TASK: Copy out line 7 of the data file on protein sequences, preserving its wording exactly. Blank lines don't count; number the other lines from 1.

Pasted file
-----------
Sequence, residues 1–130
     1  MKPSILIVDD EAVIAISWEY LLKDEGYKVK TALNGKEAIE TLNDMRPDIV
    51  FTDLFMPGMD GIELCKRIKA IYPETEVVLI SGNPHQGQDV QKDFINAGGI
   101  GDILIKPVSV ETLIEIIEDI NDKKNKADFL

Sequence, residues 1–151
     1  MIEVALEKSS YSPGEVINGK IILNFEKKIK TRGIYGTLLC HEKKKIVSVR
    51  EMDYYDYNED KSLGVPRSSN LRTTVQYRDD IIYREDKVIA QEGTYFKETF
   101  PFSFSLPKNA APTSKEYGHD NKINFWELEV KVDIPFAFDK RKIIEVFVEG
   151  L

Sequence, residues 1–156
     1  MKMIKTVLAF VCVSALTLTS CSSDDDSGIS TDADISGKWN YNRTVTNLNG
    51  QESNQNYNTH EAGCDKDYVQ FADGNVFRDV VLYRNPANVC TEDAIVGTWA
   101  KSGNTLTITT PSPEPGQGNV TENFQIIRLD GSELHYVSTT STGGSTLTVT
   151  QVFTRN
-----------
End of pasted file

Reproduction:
    51  EMDYYDYNED KSLGVPRSSN LRTTVQYRDD IIYREDKVIA QEGTYFKETF